Question: When Peter goes to the doctor after losing his powers, he lies to the the doctor about a dream that he had, where he was Spider-Man and he was losing his powers. Then, after describing it, he says that it is actually his friend's dream. Chances are that the doctor saw through him, and suspects that Peter really is Spider-Man. Will the doctor end up being a villain, or at least have a significant part in upcoming movies?
Question: In the commercial for Spiderman, they play background music that has vocals. What is this song and who sings it? (if you look on http://spiderman.sonypictures.com/ , watch the full length trailer and near the end starting when the blue writing shows up and says 'this summer', it starts.).
Question: In the scene where Aunt May is packing up her home, she mentions that the boy helping her is Harry (or Henry?) Jackson and that he's fascinated and looks up to Spiderman. As a former comic book collector, I know the name and am sure he was/will become a superhero, but I don't recall who. What hero would he later become?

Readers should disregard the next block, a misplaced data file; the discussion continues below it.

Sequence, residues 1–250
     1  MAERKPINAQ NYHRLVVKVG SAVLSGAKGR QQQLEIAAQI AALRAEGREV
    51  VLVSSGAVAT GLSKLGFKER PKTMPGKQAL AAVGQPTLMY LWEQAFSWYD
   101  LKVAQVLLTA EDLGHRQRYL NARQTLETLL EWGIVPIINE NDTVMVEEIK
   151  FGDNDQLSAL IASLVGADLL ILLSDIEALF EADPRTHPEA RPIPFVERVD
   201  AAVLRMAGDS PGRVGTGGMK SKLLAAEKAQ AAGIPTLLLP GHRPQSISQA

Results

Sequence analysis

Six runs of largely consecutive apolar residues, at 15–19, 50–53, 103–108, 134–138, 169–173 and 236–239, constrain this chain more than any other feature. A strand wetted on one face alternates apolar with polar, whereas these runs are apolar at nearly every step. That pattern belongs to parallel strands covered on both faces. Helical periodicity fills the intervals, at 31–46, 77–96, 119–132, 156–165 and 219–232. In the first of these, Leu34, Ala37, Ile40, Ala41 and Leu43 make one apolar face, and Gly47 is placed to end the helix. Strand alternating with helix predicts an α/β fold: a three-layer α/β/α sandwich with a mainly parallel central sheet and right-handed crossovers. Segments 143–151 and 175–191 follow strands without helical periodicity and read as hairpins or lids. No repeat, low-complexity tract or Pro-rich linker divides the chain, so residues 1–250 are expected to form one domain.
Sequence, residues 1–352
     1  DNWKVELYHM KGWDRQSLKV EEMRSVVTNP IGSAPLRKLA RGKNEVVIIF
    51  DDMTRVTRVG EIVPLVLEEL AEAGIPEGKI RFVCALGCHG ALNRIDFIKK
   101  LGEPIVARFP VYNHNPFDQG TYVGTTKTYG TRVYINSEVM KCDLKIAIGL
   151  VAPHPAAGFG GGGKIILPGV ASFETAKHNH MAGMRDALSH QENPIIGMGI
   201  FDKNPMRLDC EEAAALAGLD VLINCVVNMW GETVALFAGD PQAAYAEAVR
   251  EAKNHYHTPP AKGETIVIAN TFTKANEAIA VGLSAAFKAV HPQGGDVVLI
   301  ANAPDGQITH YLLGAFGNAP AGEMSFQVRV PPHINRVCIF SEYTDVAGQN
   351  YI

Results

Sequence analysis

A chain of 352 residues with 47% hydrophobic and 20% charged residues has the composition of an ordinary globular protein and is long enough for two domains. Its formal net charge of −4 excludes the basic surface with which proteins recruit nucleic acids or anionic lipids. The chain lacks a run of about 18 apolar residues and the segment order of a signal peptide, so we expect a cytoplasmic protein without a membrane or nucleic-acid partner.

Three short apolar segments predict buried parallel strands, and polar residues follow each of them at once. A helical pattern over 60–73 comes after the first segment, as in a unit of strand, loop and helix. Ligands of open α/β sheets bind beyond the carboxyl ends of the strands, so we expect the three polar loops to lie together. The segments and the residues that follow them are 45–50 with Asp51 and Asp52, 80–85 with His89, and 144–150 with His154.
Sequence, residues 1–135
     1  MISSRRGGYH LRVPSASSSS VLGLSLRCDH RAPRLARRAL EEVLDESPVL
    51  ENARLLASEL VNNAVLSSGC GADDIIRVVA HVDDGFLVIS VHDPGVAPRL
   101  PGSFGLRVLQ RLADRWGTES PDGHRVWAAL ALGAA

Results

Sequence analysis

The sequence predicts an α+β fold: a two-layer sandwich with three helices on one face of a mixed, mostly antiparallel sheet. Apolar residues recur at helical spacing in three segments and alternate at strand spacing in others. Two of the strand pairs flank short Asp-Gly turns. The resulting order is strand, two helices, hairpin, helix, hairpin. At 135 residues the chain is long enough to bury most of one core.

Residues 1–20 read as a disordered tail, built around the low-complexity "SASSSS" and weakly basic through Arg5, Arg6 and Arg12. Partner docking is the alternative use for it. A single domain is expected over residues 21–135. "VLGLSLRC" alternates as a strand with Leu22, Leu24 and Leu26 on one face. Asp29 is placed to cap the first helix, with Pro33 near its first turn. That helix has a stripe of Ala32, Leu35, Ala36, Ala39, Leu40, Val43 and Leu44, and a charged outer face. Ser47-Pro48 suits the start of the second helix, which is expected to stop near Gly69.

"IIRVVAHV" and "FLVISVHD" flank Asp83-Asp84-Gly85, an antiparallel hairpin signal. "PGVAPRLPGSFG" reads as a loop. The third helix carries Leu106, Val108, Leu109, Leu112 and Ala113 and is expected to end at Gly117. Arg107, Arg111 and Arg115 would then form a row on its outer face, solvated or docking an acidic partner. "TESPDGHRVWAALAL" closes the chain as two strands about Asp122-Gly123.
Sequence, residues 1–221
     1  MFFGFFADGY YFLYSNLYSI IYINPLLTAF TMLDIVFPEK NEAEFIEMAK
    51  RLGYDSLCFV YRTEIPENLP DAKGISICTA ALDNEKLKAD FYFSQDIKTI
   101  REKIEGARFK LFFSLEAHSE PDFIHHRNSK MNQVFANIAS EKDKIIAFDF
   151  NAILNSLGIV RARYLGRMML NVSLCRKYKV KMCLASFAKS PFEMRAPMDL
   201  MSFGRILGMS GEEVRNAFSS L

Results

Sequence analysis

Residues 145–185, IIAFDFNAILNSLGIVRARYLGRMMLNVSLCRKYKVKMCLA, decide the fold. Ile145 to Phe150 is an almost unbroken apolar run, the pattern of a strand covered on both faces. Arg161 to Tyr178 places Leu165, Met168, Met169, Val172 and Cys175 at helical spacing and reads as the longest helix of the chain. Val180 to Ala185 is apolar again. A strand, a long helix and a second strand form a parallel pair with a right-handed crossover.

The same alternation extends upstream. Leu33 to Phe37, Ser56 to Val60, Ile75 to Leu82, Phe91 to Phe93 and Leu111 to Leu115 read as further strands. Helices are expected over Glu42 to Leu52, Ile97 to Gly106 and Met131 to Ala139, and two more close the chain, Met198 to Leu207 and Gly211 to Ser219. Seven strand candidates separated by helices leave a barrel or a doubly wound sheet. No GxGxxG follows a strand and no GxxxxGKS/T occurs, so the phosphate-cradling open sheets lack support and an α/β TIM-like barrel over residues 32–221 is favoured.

Question: I never understood why Peter wanted to avoid a relationship with Mary Jane in order to keep her safe from his enemies. Doc Octopus and the Green Goblin already found out about her and captured her before she was his girlfriend, so why avoid being with her if his enemies were finding out about her anyway?
Question: This actually refers to the whole arc of Harry Osborn's role: Why did the film-makers want him to become a villain? I know they needed one for the third movie, but why make it one of Peter's closest friends? Was it an illustration of how big a difference, for good or bad, a single misinterpretation can make? A lesson in knowing how to look at a situation from someone else's perspective as well as your own? Or, was it just a really tragic way of showing that not all of Spider-Man's foes are going to be people he feels no regret over beating the pants off?